- Amelia Earhart’s 122nd birthday is on July 24. She disappeared just a few weeks before her 40th birthday on July 2, 1937.
- No one knows what happened to her and her navigator Fred Noonan.
- They’re not the only people to vanish without a trace.
- Natalee Holloway hasn’t been seen since the night before she was supposed to fly home from Aruba in 2005, and Tara Calico never came home from a 1988 bike ride.
- Visit INSIDER’s homepage for more stories.
Human disappearances have been happening for centuries, leaving the people around them and many future generations grappling with questions of what, exactly, happened.
Here are 14 cases of unsolved disappearances and missing people that captivated the world.
To this day, no one knows exactly what happened to pilot Amelia Earhart and her navigator during their attempt to circumnavigate the globe.
Here’s what we know: Earhart and her navigator Fred Noonan were attempting to fly around the world when their plane disappeared over the Pacific Ocean on July 2, 1937. Since then, not a trace of Earhart, Noonan, nor their plane has ever been recovered.
The most widely accepted theory is that their flight ran out of fuel and crashed into the ocean, but there are plenty of conspiracy theories out there, ranging from wildly unlikely to semi-plausible.
One theory recently gained traction due to a photo uncovered in the National Archives. The picture appears to show a woman and a man that look like Earhart and Noonan on a dock off the coast of the island of Saipan. Some people believe this photo is proof that the two were captured by the Japanese military, something the Japanese military summarily denies.
Anne Marie Fahey went missing in 1996 and has never been found, though a man was tried for and convicted of her murder.
Technically the case of Fahey’s disappearance has been solved, but her body was never found.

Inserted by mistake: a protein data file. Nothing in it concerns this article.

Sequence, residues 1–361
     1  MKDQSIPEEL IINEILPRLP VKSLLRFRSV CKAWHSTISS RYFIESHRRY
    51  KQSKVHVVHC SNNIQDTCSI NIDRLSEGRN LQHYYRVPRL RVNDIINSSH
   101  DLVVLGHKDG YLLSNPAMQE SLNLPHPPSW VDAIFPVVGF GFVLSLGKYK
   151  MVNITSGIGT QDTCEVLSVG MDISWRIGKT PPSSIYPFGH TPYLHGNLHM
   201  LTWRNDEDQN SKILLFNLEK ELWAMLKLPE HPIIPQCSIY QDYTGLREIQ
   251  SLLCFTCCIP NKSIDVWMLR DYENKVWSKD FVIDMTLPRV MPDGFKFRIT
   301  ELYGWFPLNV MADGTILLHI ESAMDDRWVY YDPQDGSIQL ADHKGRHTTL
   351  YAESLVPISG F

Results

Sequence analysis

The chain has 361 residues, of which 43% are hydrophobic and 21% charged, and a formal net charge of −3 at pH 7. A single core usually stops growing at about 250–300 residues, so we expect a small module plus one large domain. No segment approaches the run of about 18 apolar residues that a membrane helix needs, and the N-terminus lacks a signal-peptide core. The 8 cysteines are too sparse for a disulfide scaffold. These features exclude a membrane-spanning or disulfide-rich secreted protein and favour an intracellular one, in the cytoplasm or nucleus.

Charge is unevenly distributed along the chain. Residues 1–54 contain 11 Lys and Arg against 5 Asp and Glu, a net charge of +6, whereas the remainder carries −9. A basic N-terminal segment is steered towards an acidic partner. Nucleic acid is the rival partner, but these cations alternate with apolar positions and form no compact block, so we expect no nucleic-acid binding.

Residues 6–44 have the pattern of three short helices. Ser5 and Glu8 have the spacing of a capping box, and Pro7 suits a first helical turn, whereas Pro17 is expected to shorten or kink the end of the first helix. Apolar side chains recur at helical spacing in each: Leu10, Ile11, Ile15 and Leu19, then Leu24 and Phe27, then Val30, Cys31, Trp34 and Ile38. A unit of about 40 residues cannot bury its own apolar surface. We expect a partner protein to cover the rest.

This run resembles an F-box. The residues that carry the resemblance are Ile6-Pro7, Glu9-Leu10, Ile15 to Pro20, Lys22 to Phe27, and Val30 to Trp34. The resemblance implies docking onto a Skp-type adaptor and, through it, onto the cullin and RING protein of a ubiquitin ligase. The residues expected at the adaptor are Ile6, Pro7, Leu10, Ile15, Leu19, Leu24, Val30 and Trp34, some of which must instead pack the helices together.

Fahey was 30 years old at the time of her disappearance. Three years later, in 1999, her boyfriend, married lawyer Thomas Capano, was found guilty of her murder. According to Delaware Online, Capano shot Fahey while she tried to break up with him then dumped her body in the Atlantic Ocean, having put it in a cooler.
Both of Capano’s brothers admitted they helped him get rid of the evidence, one of them even helping him to get rid of the body itself, according to Delaware Online. They both ultimately testified against him. Another one of Capono’s girlfriend’s admitted to buying him a gun.
Capano was convicted and sentenced to death, which was later overturned and converted to life in prison. He died in 2011.
Maura Murray emailed professors that she’d be missing class for a week due to a death in the family in 2004 and was never heard from again.
Murray was just 21 years old when she disappeared in 2004. She was a nursing student at the University of Massachusetts Amherst, and emailed her professors that she would be missing the next week of classes due to a death in the family. There had been no such death in the Murray family.
The last time she was seen was on the side of the road after her car had allegedly skidded off. A bus driver told police that he had offered to call for help, but he said she replied that she had already called for roadside assistance. The bus driver got home, still felt like something was off, and called the police anyway. By the time that authorities arrived, Murray was gone.
An Oxygen series about her disappearance brought the case back into the limelight, and theories abound as to how and why she disappeared, from intentionally disappearing to getting lost in the woods to encountering a dangerous animal.
Natalee Holloway went missing on a school trip to Aruba in 2005 shortly after she graduated from high school. The case ignited an international media storm.